Essentially, offshore investment serves as a hedge against the volatility and harsh economic fundamentals in the local economy. Zimbabwe as a case in point has suffered from perennial poor economic performance for the greater part of the last two decades. The economic phase that characterized this period included compulsory expropriation of productive farmland, the expropriation of hard currency funds that were never returned, of individuals and organizations by the government to fund its operations, hyperinflation and a generally depressed economy.
The astute investor who is consummate with offshore investing will be able to hedge the value of their portfolio and the assets therein by venturing beyond borders of their home country. There is a caveat to this benefit: there can never be a guarantee that offshore investments will perform better than local ones as this will depend on numerous factors like the economic fundamentals obtaining in the offshore jurisdiction.
Another interesting development to note regarding the case of Zimbabwe would be to look at non-governmental organizations that since the 2000s have consistently moved their banking relationships offshore to circumvent the volatility and uncertainty locally. These bodies do this to hedge funding for their operations by placing them in accounts with banks that are domiciled outside of their home country and in doing this keep them out of reach from potential compulsory expropriation like the kind experienced 16 years ago. Individuals can do this as well to protect their financial wellbeing.
Investing offshore enables the investor to achieve diversification because of the access to different economies and regions as well as a broader selection of companies and emerging markets which consequently increases their potential to earn solid returns under varying conditions.
Offshore accounts and investments tend to be more flexible because through them investors gain access to international markets and all the major financial centers of the world. The most popular motivation for offshore investment is tax. Tax haven countries offer tax incentives to foreign investors and the favorable tax rates are designed to promote a healthy investment environment that attracts wealth. More practically, whenever you invest in your personal capacity in another jurisdiction you are not subject to taxes in that country. In the United Kingdom and even in South Africa foreign investors or non-residents are not subject to certain taxes. Tax practitioners would need to be consulted to fully articulate the benefits in dollars and cents.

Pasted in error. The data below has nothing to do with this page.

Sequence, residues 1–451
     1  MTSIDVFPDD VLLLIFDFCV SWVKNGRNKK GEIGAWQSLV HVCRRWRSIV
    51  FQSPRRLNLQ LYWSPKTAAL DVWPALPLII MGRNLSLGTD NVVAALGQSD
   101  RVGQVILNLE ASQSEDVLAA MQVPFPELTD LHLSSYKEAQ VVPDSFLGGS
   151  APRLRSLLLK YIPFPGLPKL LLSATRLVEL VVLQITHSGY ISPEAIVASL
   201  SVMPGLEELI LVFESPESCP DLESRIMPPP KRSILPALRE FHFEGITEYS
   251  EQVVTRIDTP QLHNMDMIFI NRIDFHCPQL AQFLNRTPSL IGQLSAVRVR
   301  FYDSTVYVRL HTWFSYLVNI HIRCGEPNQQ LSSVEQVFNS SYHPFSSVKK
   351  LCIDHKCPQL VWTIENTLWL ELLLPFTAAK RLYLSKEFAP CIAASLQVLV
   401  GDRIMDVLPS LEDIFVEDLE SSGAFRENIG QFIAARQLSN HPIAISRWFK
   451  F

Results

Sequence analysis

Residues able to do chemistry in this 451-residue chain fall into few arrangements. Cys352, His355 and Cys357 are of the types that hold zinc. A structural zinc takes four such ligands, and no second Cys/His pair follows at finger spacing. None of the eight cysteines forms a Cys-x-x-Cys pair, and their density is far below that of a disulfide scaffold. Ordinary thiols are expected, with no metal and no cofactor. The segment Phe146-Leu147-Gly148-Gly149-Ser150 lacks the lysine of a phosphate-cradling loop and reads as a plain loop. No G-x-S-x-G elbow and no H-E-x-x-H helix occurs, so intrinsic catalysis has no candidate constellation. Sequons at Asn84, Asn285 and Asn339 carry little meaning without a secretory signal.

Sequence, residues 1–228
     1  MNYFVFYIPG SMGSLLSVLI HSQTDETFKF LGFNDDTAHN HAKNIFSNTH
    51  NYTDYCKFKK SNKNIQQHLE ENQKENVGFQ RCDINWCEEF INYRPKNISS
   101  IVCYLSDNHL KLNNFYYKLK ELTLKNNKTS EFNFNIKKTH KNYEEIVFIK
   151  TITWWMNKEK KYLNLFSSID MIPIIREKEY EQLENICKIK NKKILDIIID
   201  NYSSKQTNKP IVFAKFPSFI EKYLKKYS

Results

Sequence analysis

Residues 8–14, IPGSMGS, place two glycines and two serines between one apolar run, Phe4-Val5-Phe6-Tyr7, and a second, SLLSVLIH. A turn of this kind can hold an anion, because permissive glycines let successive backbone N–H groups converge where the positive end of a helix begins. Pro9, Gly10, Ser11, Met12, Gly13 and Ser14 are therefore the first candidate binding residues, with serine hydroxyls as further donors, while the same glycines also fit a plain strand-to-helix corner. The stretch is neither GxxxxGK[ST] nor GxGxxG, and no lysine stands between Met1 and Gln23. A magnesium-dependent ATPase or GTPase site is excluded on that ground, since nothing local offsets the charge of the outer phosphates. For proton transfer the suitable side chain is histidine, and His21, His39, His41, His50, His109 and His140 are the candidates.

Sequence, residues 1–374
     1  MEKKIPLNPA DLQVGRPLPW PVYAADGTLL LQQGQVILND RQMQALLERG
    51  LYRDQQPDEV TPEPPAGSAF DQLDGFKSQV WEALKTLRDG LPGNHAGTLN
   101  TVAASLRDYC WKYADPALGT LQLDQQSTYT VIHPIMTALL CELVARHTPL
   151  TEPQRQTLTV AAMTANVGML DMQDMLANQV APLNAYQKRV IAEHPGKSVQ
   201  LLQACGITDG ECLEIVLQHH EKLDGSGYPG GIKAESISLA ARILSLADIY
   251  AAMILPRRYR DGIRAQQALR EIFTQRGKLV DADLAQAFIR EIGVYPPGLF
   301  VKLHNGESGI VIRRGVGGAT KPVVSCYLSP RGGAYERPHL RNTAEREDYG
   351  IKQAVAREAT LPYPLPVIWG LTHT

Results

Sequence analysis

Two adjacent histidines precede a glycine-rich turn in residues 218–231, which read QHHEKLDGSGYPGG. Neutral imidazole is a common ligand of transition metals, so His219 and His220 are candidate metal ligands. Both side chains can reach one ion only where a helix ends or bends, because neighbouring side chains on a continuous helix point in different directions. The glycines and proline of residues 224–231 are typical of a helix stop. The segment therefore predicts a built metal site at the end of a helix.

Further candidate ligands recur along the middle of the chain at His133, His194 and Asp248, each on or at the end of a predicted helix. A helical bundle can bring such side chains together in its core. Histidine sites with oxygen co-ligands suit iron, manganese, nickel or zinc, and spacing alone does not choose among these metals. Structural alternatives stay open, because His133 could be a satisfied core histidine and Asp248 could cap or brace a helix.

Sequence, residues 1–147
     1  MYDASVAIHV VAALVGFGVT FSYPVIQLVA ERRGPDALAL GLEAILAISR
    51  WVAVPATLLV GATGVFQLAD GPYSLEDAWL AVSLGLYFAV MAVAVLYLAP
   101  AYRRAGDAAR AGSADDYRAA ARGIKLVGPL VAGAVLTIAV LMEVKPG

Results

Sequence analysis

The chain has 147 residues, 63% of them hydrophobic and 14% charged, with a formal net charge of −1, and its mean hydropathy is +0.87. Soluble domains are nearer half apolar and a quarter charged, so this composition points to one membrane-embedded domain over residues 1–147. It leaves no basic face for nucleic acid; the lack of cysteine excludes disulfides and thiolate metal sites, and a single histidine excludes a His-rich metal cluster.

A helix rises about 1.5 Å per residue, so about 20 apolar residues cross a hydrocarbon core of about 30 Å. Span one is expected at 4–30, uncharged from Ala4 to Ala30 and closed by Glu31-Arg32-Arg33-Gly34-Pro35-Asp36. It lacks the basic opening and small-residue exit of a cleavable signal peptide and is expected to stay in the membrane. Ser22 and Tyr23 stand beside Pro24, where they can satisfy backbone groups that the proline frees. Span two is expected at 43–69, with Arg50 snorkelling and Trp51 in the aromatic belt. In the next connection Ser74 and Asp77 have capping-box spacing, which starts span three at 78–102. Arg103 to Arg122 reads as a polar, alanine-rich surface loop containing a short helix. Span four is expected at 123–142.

An investor who desires exposure to growth opportunities should as a matter of urgency consider and gravitate towards investment offshore. Prudential Investment Management holds the view that because the stocks listed on the Johannesburg Stock Exchange represent only 1% of the world’s total listed equity market capitalization (when you include the Zimbabwe Stock Exchange this figure rises to a little over 1%) if an investor only holds South African and Zimbabwean equities they are missing out on 99% of the global equities universe. There are many fast-growing industries not fully represented on the local markets like technology in general (shares like Facebook, Alphabet, Amazon, Netflix and Google) biotech and alternative energy. Offshore investment opens up opportunities that investors would not have access to locally.
Living in emerging markets means that it can be of great benefit to diversify into global markets which are driven by various macro-factors that can offer more stable growth and provide hard currency exposure. Rapidly expanding emerging markets like those in Asia offer lucrative growth prospects and can give the investor’s portfolio a higher probability of better returns than those confined to the local market.
The case for investing offshore is compelling but it is not without its risks. For starters it now more than at any other time in history attracts much greater scrutiny from the governments of major countries with the intent to close tax loopholes. The costs can be prohibitive depending on the jurisdiction an investor chooses; this is in general and more specifically in instances where companies need to be set up in offshore jurisdictions, the costs can easily go beyond the reach of the average investor.
Nonetheless every investor who has the future in mind must give all consideration to extending their portfolio in whole or in part beyond the borders of his or her home nation.
Go forth and prosper!